Southern Province Chalk nomenclature - White Chalk Subgroup: New Pit Chalk Formation

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Name[edit]

First proposed in Rawson, Allen and Gale (2001) as part of the agreed standard for the Chalk Group of England. Replaces the mapping member of the same name proposed in Bristow, et al. (1997).

Type section[edit]

Gun Gardens [TV 588 964] and Beachy Head [TV 576 953] sections in Sussex.

Primary Reference Section[edit]

Akers Steps [TR 297 394], Kent; Compton Bay [SZ 350 855].

Formal subdivisions[edit]

None herein but contains a number of laterally persistent and named marl and flint beds in Mortimore (1986) which can be recognised outside the Sussex area over much of southern England.

Lithology[edit]

Principally blocky, white firm to moderately hard chalk with numerous marls or paired marl seams. Flint occurs sporadically in the upper part in the deeper basin areas of the Southern Province. In some localities flint, in seams, occurs to the base of the formation most notable over structural highs, towards the margins of the outcrop and within the ‘Transitional’ Province.

Definition of upper boundary[edit]

Conformable at the base of Glynde Marl 1 in Sussex, but one of the higher marls elsewhere although invariably in the interval Glynde Marls to Southerham Marls in the Southern Province. The mapping boundary is placed at the appearance of nodular chalks and significant flint development within that range of marls.

In the ‘Transitional’ Province the formation expands in response to the later inception of nodularity and hardground development (characteristic of the Lewes Nodular Chalk Formation) such that the upper boundary is diachronous here and placed below the ‘Chalk Rock Member’ at the Reed Marl (the lateral equivalent of the Bridgewick Marls of the Southern Province).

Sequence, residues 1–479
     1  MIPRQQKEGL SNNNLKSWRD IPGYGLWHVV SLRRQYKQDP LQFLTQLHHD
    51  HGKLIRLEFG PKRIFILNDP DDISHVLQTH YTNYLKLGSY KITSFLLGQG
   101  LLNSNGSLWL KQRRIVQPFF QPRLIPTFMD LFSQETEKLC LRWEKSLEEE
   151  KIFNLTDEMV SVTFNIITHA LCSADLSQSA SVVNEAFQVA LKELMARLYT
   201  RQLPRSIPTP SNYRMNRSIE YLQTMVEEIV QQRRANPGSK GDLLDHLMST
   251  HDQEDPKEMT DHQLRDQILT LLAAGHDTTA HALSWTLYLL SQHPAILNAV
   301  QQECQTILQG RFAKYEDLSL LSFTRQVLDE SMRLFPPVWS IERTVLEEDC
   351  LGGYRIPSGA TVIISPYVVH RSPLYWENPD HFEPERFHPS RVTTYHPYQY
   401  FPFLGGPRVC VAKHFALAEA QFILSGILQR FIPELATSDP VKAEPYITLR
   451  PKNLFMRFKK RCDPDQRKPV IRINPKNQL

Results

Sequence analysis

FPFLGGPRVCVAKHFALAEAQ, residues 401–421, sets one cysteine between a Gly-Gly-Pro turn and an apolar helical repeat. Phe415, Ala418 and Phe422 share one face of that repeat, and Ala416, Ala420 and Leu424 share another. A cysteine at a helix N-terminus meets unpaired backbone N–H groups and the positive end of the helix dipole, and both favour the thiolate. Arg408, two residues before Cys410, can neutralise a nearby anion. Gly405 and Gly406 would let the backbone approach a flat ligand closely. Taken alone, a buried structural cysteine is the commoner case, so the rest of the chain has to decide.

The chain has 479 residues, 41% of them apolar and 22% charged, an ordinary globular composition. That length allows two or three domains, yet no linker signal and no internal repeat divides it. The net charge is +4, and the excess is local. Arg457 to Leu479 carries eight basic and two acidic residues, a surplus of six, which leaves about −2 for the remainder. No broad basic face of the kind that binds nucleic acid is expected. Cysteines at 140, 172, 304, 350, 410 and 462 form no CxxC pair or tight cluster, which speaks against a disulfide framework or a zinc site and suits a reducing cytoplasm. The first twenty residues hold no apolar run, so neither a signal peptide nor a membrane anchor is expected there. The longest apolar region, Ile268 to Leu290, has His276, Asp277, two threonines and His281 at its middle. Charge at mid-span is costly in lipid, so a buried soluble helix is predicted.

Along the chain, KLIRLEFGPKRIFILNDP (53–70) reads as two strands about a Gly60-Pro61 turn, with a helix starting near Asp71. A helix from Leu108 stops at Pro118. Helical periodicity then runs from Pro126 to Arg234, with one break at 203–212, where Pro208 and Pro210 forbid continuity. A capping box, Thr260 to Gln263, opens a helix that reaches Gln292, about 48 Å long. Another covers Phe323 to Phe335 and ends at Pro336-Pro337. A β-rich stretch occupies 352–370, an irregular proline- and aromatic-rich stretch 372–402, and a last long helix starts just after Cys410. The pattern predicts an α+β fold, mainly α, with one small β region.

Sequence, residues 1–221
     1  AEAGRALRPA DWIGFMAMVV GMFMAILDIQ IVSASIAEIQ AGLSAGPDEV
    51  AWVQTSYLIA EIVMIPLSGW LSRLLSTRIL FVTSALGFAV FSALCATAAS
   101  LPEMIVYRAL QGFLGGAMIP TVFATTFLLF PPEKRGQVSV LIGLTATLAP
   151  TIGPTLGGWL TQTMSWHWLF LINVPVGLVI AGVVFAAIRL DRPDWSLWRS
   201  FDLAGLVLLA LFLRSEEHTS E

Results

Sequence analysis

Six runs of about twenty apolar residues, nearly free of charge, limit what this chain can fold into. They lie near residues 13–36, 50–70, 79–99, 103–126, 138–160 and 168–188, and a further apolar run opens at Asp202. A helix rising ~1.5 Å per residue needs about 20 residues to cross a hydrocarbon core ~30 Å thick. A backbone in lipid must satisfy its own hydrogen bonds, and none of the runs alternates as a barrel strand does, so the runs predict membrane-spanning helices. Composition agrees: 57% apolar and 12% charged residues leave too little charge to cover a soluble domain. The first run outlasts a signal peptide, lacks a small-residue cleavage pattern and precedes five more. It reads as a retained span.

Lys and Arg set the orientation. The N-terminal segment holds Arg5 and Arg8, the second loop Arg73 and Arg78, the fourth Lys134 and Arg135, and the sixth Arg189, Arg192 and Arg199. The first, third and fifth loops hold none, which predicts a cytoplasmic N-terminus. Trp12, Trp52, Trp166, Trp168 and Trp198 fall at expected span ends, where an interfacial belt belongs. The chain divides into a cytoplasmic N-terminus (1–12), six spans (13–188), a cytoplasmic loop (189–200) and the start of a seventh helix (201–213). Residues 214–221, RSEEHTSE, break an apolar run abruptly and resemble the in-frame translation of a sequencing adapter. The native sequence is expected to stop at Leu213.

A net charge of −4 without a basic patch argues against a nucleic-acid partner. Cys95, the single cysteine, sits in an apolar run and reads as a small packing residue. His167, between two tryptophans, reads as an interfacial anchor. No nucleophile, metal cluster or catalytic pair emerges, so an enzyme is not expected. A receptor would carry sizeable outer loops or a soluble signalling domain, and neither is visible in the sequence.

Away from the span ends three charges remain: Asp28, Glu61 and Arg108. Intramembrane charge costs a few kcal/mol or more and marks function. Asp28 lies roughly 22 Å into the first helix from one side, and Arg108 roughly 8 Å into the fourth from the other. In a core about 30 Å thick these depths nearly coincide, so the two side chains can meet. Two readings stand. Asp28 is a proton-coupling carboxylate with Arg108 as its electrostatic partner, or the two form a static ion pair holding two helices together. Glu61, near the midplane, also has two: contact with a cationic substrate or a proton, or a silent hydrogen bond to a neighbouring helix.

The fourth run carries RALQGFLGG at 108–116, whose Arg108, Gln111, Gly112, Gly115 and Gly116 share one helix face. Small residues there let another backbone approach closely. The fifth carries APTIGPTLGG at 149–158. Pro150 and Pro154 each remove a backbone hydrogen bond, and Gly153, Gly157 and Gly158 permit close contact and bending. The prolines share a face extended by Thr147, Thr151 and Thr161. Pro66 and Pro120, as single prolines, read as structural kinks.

Definition of lower boundary[edit]

Conformable at the bedding plane immediately below the Gun Gardens Main Marl (the Lulworth Marl of Gale, 1996) in the standard Sussex succession. The mapping boundary is placed at the highest shell-detrital chalk and at the incoming of sporadic flints. In the ‘Transitional’ Province the top of these shell-detrital chalks is at the Odsey Marl (See Hopson et al., 1996).

Thickness[edit]

Typically between 35 and 50 m but is as little as 10 to 25m metres thick in Wiltshire, north Hampshire and Berkshire over synsedimentary structural. The formation expands in the ‘Transitional’ Province where it is thought to be up to 75 to 80m thick.

Distribution[edit]

Known throughout the Southern Province, within the Chilterns and northward into East Anglia in the Transitional Province.

Previous names[edit]

Known as the New Pit Chalk Member prior to Rawson et al. (2001). Also the upper and thicker part of the traditional Middle Chalk. Equivalent to the Upper Holywell Beds and New Pit Beds of the Ranscombe Chalk Member (Mortimore and Pomerol, 1996); and the upper part of the Shakespeare Cliff Member and Aycliff Member of the Dover Chalk Formation (Robinson, 1986).

Parent[edit]

White Chalk Subgroup.

Age and biostratigraphy[edit]

Upper Cretaceous, Turonian. The greater part of the Terebratulina lata Zone.

References[edit]

Mortimore (1986); Rawson, Allen and Gale (2001); Bristow et al. (1999); Bristow, Mortimore and Wood, (1997).